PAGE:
It’s the end of September again, which means it is time for the latest FIFA release, this year’s being FIFA 14. I thoroughly enjoyed my playing of FIFA 14 for review, and, although not usually the biggest fan of football, I plan to spend more time with the game this year than I usually do. Read on for my in-depth thoughts on the latest release…

FIFA is one of the biggest, if not THE biggest franchise in EA’s lineup. Hundreds of thousands of people queue up at midnight every year to get their hands on the game as early as they can, heading home to usually start off their Ultimate Team (if they haven’t already done so in the web app). The game has been constantly refined, with features being added and removed and even more realism featuring each year. FIFA 14, in my opinion, matches the quality of last year’s release.

Many fans eat, sleep and breathe FIFA, and spend time with the game almost every day of their lives. The game has huge market dominance, and due the nature of a yearly football season in reality, the game renews itself and stays fresh for the entire year without much intervention from EA. I want to start off by talking about the mode that really is the crown jewel of the FIFA series, and the mode where most players spend most of their time; Ultimate Team.

In Ultimate Team, players purchase packs of players (like collectible cards) to use in their team which can play against AI or online players. You can then buy or sell players on the Ultimate Team transfer market in COINS currency, which are earned from winning matches and tournaments and selling players. The packs which you buy a random selection and can be purchased with either FIFA Points (to be paid for with real money) or earned coins.

The beauty of this gameplay model is that there will always be a reason for players to keep check on their teams. Special packs with extra players or rares may become available temporarily on the store, one of the players you own may become highly valuable due to their real-life performance, or you might score a player like Messi who will make you rich if you sell him on the transfer market. The fun of bidding on actions for players, managers and consumables adds entertainment to the game, and the anxiety to see the rare player you collected in your packs when opened brings back memories of opening booster packs for TCGs. It really is the perfect mode of football games for fans of the sport, as there is a certain prestigiousness associated with having good players.

The team have made a few changes to FIFA 14 Ultimate Team, although it’s mostly the same game fans know and love. The requirement to use consumables to change formation has been removed, so players will no longer need to pay, or find these consumables. Chemistry Style cards have been added, which increase certain player stats permanently; a far, far more useful addition, replacing an annoying requirement.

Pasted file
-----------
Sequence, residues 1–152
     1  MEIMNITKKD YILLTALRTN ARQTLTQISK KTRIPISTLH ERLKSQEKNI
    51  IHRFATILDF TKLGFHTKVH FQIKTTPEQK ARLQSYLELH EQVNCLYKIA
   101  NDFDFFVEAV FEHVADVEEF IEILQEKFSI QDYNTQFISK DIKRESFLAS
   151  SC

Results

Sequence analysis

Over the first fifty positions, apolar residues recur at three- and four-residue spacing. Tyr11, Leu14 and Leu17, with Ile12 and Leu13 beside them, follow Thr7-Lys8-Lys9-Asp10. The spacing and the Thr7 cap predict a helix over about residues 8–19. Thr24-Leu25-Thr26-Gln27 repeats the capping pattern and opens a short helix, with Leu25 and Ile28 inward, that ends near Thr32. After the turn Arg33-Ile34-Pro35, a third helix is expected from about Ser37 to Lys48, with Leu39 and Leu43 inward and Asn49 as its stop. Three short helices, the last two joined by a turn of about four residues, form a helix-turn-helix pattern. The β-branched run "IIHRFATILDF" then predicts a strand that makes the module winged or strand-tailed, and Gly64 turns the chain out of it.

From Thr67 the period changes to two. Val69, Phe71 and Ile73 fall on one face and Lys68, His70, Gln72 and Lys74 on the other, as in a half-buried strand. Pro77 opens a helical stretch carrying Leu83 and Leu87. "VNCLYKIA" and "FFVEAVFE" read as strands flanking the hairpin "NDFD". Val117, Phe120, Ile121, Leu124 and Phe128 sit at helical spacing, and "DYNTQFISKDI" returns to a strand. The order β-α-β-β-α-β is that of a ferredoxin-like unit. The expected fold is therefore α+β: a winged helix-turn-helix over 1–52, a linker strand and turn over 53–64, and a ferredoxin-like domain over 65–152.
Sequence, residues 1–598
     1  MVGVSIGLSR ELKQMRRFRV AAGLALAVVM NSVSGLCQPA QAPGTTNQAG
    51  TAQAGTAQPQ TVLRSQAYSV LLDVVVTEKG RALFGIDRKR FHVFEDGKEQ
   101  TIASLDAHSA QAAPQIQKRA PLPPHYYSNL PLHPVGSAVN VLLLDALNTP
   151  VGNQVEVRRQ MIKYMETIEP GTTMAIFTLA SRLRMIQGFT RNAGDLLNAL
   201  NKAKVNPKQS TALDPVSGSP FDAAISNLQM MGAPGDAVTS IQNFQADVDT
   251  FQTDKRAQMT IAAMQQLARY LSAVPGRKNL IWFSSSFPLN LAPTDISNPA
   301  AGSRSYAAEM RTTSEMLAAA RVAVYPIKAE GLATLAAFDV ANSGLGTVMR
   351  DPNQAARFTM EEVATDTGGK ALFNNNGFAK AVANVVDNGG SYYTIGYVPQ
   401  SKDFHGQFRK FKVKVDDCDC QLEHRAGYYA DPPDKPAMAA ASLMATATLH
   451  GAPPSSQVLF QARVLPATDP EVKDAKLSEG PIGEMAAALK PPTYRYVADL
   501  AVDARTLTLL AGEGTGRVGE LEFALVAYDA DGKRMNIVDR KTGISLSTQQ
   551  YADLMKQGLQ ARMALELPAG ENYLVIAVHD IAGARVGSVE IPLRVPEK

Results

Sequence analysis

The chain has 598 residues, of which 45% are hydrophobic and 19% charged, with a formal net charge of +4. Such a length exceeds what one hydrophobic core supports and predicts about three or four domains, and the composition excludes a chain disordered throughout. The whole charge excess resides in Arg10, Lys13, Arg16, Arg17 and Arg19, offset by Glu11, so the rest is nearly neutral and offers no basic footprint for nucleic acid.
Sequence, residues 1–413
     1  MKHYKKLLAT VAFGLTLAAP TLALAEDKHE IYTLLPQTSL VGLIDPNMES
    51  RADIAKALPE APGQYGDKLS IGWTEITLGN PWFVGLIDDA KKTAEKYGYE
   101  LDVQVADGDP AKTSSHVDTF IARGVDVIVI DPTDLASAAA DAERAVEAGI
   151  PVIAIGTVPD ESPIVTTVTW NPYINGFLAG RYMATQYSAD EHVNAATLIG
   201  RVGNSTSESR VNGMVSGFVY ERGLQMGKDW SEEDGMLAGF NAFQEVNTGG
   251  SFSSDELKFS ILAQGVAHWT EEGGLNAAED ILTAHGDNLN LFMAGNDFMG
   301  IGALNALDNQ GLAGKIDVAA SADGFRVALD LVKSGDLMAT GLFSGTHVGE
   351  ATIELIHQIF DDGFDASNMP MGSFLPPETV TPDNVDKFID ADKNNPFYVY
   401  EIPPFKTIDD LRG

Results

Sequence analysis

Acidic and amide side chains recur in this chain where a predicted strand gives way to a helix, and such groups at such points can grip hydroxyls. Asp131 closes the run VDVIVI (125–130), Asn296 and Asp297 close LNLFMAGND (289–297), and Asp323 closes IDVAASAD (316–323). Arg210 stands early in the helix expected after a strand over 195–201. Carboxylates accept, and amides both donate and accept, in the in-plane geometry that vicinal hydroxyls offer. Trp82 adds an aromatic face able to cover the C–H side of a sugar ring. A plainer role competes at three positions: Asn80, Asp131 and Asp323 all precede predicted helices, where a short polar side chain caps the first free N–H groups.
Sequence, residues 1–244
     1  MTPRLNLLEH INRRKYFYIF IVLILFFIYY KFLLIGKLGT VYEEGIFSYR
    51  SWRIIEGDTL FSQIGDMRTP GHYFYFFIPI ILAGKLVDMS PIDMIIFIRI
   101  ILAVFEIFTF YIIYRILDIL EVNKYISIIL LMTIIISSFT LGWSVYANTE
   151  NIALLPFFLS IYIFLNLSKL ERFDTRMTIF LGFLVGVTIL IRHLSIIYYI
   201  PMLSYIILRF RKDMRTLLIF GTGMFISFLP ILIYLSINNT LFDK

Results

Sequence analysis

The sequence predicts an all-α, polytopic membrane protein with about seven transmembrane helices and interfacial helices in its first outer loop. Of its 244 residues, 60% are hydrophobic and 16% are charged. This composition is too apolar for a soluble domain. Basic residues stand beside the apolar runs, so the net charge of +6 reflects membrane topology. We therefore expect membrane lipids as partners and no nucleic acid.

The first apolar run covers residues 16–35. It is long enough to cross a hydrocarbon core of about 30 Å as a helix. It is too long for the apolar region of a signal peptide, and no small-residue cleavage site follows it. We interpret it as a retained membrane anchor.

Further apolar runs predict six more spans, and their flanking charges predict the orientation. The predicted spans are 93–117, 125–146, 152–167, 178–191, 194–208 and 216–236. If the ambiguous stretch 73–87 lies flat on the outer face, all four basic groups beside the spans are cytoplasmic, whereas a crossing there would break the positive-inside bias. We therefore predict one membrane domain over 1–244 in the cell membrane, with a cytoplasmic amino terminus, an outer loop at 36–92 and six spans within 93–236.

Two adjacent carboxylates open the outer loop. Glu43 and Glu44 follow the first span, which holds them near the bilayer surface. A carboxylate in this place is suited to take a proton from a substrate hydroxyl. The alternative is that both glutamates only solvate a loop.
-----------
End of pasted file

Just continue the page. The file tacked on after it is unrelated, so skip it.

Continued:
Ultimate Team is, by far, not the only thing FIFA 14 offers, however. The mode I found most enjoyable was CAREER MODE. This mode allows you to become the manager of a team, deciding player wages, transfer signings, loans, squads and tactics, with a very impressive system simulating the real life happenings of a career in huge detail. This mode gripped me more than any other, and I spent hours and hours playing it when I should have been balancing between it and the other modes of the game. The comprehension of the emails, options and real-time statistics and news is baffling, and it just showed me actually how much work goes into making some of these modes. FIFA 14 is, under it all, a highly complex game with a lot of very comprehensive game modes.

Not only are Ultimate Team and Manager Mode (Career Mode) included, but Pro Clubs, Create a Tournament, Kick Off, Be a Pro Player/Goalkeeper, Creation Center, EA Sports Arena, Online Friendlies and Seasons are all also available to play, with Seasons now including Co-op Seasons, where you play 2v2. Skill games and 1v1 head to heads also make a return, with various upgrades being made to all the included game modes. They are generally the same modes you love from FIFA 13, but more refined and realistic.

Physics and graphics have also been given an upgrade. The gameplay mechanics have become more realistic than ever, and really, I don’t think we are going to get much closer to how real-life football would behave than we have already, as it has almost been perfected. Graphically, the stadia and pitches all look stunning, and the crowd is noticeably more interactive and realistic in appearance, at touted by EA. FIFA 14 generally focuses on making the game more realistic, and it is definitely succeeding in its task.

The music is far better than that offered in FIFA 13. Some of the best hits feature in the menus, which is very refreshing and enjoyable to hear as you are changing settings, updating your squads, or building some tactics. The commentary, sound effects and crowd reactions are as good as ever, exceeding in the highest degree. Overall, the sound performance of the game is about as good as you are going to get. I believe EA Sports have hit their limits of improvements with some of the aspects of FIFA.

Overall, FIFA 14 brings everything good from the previous releases, refines them where it is possible, adds some new features and raises the bar in realism and aesthetic performance in the football game genre. It is certainly worth buying, especially if you are a FIFA/football fan, as there is plenty of content and options to suit EVERYONE! FIFA 14 is available today in Europe, and is out now in the US and some other regions.

IMPORTANT NOTE: Our final scores for a game are NOT an average of the other scores, the overall score takes into the account the relevance of each individual aspect overall, in our opinion. In the case of FIFA 14, the wrong final score was incorrectly entered due to a typo, and spotted later. Apologies for the error.